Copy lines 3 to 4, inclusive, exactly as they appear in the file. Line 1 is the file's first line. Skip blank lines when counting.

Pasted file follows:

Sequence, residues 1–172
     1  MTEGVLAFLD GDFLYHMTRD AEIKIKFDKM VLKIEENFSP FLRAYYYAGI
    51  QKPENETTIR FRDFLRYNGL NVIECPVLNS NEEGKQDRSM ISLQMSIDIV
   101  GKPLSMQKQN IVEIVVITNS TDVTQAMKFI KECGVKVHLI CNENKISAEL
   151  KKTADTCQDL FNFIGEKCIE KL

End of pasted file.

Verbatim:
    51  QKPENETTIR FRDFLRYNGL NVIECPVLNS NEEGKQDRSM ISLQMSIDIV
   101  GKPLSMQKQN IVEIVVITNS TDVTQAMKFI KECGVKVHLI CNENKISAEL